Tiger Cat or Oncilla

Tiger Cat or Oncilla

Tiger Cat or Oncilla

Tiger cat is a breed of cat also known as Oncilla. Tiger Cat may also be an erroneous name for the Tiger Quoll.

The Oncilla (Leopardus tigrinus), also known as the little spotted cat, tigrillo and is a small spotted cat native to montane and tropical rainforests of Central and South America. It is active during the night and in twilight, but has also been recorded during the day. The tiger cat is a close relative of the ocelot and the margay, and has a rich ochre coat, spotted with black rosettes.

The oncilla resembles the margay and the ocelot. But it is smaller, with a slender build and narrower muzzle. It grows to 38 to 59 centimetres (15 to 23 in) long, plus a 20 to 42 centimetres (7.9 to 16.5 in) tail. While this is somewhat longer than the average domestic cat, Leopardus tigrinus is generally lighter, weighing 1.5 to 3 kilograms (3.3 to 6.6 lb).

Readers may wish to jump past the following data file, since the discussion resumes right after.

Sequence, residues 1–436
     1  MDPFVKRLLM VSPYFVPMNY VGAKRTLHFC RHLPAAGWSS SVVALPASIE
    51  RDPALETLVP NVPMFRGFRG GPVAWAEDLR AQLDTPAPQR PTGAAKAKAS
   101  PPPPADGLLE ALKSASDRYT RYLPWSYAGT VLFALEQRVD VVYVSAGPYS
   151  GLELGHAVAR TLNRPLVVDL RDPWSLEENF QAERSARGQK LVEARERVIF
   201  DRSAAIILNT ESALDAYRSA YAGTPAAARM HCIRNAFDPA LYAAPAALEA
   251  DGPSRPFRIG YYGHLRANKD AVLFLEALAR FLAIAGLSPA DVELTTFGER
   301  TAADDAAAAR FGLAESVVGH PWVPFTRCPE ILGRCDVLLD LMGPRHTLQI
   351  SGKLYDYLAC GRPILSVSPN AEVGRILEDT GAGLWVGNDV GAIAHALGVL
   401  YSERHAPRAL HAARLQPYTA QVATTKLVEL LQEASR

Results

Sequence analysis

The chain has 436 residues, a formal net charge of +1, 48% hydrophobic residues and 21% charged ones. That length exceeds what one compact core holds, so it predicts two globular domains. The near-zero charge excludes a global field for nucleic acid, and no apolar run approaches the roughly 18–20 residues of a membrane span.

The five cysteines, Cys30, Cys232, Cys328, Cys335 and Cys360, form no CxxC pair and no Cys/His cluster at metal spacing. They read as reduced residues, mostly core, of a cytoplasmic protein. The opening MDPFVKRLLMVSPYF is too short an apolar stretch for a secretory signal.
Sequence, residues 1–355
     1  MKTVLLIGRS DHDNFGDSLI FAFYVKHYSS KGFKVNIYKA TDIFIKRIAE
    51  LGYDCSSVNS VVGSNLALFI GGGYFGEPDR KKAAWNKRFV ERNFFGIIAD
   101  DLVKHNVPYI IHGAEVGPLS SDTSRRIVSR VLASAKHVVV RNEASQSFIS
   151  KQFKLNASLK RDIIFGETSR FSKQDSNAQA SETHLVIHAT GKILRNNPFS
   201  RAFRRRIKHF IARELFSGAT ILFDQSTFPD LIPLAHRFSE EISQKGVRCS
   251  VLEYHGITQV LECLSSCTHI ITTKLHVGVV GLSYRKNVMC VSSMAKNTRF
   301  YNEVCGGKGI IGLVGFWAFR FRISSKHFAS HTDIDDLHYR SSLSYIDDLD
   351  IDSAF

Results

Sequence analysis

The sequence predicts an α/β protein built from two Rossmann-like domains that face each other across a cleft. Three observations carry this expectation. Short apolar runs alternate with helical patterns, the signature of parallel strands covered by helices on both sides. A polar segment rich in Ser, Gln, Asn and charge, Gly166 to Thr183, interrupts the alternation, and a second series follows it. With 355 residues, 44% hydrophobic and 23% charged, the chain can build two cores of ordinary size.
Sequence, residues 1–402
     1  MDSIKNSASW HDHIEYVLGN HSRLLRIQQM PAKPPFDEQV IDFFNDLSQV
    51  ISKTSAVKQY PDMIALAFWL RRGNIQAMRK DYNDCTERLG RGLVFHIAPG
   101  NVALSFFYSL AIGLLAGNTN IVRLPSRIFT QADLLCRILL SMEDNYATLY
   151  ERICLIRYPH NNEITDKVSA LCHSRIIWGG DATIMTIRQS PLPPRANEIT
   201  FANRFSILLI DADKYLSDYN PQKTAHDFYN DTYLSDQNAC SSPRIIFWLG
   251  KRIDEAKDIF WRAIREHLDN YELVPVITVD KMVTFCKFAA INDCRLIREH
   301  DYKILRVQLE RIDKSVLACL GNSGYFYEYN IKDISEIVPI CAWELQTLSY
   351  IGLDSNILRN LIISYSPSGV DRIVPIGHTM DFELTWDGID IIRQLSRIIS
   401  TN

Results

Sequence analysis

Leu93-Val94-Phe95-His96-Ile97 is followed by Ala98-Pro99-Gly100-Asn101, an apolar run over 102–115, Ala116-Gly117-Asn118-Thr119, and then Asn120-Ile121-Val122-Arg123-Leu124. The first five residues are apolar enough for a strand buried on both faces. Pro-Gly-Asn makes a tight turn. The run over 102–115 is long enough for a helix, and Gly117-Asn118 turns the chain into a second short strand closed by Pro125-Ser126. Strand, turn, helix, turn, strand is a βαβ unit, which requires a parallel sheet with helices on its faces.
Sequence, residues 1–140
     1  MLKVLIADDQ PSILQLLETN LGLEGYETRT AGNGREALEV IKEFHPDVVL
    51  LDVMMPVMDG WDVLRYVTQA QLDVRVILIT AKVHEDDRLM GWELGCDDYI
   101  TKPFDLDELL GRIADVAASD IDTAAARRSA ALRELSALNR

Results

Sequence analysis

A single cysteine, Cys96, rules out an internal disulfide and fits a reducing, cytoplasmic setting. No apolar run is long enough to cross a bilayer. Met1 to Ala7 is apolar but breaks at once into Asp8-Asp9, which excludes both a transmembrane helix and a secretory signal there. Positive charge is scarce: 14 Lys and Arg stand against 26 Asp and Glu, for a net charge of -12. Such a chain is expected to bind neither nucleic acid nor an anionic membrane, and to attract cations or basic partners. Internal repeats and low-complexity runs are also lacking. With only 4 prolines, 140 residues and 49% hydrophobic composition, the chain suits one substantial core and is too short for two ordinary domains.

The oncilla is a primarily terrestrial animal, but is also an adept climber. Like all cats, the oncilla is an obligate carnivore, requiring meat for survival. This cat eats small mammals, lizards, birds, eggs, invertebrates, and the occasional tree frog. Occasionally, the cat will eat grasses. The oncilla stalks its prey from a distance, and once in range, it pounces to catch and kill the prey.

Distribution and habitat
Oncillas are typically distributed from Costa Rica through Northern Argentina, and show a strong preference for montane forest. They are usually found in elevations higher than those of the margay or ocelot. They have been found in habitats as high as 4500m in Colombia, in the Andean highlands in Ecuador and Peru, and in the subtropical forest highlands in Brazil. They have also been identified in cerrado and scrubland environments.

They have been recorded in northern Panama, but the remainder of the country appears to be a gap in the range of the species.

In 2013, the population in southern Brazil was assigned to a new species, L. guttulus, after it was found not to be interbreeding with the L. tigrinus population in northeast Brazil.